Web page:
The laser marking method has obvious advantages over other available marking methods in speed, accuracy, and flexibility. Mask marking and beam deflection marking are typical methods, each having advantages and disadvantages. In the former, an opaque mask is directly imaged to create the desired mark. This method is practical and relatively fast, but most of the marking energy is blocked, losing efficiency. Additionally, this method requires a precise and bulky lens system. In the latter method, the focused beam is steered onto the sample, writing point by point. This technique has higher flexibility between marks, but it is slow, requires micro-movements, and accurate micro-motion parts are very expensive. We propose an innovative, holographic approach in laser marking. In the new system, a holographic projection system based on a digitally designed computer-generated hologram (CGH) is employed. This specially designed, fully transparent, phase only CGH modulates the high-power writing beam to create any desired image in the far field, where the beam etches a permanent mark of that image onto the designated silicon wafer substrate. Holographic marking combines the advantages of mask and beam deflection marking methods, such as high speed and stationary operation with minimal power loss, in a relatively simple and inexpensive setup. Also, since the holographic projection maintains its image quality after a certain distance, the setup is less prone to spatial alignment errors. We believe that the proposed technique will make significant contributions in the field of laser marking.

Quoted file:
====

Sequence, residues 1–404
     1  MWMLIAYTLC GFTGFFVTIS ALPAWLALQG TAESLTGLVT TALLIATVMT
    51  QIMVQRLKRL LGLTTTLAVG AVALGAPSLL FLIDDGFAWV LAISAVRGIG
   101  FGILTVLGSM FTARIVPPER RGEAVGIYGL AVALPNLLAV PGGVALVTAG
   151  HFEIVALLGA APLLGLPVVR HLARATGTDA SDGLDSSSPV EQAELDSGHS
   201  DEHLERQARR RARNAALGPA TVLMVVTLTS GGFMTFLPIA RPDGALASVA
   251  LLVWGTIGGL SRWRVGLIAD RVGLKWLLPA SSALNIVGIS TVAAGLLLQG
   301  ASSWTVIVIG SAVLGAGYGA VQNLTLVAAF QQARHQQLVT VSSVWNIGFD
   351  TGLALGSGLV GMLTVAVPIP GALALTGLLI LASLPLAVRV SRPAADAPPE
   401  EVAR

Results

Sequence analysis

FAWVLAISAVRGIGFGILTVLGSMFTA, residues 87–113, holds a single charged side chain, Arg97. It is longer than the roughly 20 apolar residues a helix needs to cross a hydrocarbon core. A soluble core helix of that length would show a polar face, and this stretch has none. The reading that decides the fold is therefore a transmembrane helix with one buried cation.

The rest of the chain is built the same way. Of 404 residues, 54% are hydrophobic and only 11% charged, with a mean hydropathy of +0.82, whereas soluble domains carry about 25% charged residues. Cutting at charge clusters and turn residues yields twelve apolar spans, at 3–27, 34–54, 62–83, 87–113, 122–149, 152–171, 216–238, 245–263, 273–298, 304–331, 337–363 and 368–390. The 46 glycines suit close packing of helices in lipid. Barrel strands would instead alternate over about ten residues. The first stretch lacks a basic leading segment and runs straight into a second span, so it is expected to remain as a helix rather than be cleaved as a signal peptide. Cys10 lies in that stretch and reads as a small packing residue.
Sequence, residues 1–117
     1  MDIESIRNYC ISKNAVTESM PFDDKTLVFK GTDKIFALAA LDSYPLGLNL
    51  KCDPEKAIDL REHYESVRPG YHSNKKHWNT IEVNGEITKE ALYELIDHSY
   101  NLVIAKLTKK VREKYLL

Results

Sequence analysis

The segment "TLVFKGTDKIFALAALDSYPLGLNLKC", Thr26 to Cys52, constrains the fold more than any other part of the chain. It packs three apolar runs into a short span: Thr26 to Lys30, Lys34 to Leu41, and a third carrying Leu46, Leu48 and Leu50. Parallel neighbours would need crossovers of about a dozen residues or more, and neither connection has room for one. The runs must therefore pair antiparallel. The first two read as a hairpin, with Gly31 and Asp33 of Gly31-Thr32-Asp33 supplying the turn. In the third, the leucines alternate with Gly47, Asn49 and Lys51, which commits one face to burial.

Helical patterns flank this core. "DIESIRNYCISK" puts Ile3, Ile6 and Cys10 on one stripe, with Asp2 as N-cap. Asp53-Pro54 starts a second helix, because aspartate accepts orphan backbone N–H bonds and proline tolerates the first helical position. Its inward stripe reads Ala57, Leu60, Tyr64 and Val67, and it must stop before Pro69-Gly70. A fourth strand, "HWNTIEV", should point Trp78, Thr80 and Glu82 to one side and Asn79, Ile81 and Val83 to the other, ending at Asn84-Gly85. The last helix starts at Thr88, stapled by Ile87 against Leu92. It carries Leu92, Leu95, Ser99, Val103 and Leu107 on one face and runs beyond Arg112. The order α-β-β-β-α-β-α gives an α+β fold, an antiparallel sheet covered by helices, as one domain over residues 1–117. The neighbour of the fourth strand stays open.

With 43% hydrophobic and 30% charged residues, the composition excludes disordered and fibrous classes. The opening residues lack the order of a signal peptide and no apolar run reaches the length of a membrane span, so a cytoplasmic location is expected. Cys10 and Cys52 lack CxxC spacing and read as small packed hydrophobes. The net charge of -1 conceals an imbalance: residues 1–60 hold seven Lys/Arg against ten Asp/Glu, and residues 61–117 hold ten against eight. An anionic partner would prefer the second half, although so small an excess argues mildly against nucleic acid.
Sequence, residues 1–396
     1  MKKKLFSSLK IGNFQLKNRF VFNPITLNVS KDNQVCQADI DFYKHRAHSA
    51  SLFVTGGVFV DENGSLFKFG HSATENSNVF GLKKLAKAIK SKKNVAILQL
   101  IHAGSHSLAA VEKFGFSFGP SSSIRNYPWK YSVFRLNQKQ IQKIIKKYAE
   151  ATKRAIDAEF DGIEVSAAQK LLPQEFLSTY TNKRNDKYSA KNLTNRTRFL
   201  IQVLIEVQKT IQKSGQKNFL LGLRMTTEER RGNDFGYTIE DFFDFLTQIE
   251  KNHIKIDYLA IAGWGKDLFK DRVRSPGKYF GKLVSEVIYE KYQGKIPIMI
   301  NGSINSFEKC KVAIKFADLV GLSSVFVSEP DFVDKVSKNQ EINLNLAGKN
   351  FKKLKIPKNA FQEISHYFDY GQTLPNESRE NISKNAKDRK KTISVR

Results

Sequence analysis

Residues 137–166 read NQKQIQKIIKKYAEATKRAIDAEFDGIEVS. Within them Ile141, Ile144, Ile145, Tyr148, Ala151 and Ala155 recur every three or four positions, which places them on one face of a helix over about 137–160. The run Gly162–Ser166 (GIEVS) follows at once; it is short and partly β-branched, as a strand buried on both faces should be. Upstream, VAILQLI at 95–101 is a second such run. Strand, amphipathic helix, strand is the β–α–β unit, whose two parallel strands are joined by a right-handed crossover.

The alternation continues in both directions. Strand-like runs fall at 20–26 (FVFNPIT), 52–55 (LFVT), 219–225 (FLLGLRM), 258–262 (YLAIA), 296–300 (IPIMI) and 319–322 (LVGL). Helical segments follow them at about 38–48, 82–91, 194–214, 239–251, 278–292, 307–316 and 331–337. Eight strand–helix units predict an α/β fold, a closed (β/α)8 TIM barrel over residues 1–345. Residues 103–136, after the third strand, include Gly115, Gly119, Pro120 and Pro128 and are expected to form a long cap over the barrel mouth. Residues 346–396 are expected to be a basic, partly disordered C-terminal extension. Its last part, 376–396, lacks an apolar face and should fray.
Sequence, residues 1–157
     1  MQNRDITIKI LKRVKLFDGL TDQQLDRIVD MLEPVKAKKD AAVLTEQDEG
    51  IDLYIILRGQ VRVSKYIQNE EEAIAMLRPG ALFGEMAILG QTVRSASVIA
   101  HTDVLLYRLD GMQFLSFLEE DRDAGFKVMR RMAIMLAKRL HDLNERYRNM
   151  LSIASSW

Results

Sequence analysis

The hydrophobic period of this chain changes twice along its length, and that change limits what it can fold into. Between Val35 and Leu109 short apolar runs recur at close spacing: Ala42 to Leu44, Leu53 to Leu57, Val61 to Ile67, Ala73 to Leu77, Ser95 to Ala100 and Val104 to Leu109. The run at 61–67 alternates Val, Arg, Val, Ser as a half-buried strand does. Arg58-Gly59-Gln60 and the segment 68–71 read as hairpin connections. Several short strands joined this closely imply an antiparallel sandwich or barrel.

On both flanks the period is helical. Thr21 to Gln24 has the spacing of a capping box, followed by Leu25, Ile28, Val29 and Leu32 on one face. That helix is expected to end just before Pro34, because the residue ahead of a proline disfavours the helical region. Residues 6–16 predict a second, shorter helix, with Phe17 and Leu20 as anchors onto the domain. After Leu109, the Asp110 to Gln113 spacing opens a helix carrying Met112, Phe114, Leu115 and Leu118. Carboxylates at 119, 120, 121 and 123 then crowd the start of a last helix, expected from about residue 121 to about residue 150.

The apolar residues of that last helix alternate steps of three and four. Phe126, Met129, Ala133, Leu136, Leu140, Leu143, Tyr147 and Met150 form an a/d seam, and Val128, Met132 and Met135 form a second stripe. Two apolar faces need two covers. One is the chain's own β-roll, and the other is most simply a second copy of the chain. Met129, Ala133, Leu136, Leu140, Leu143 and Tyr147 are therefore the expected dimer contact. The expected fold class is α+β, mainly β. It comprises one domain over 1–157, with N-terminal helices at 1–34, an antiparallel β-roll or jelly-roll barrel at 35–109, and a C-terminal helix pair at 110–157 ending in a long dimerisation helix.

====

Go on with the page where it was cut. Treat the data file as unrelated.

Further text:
Conventional laser resonators yield multimodal output, especially at high powers and short cavity lengths. Since highorder modes exhibit large divergence, it is desirable to suppress them to improve laser quality. Traditionally, such modal discriminations can be achieved by simple apertures that provide absorptive loss for large diameter modes, while allowing the lower orders, such as the fundamental Gaussian, to pass through. However, modal discrimination may not be sufficient for short-cavity lasers, resulting in multimodal operation as well as power loss and overheating in the absorptive part of the aperture.
In research to improve laser mode control with minimal energy loss, systematic experiments have been executed using phase-only elements. These were composed of an intra-cavity step function and a diffractive out-coupler made of a computer-generated hologram. The platform was a 15-cm long solid-state laser that employs a neodymium-doped yttrium orthovanadate crystal rod, producing 1064 nm multimodal laser output. The intra-cavity phase elements (PEs) were shown to be highly effective in obtaining beams with reduced M-squared values and increased output powers, yielding improved values of radiance. The utilization of more sophisticated diffractive elements is promising for more difficult laser systems.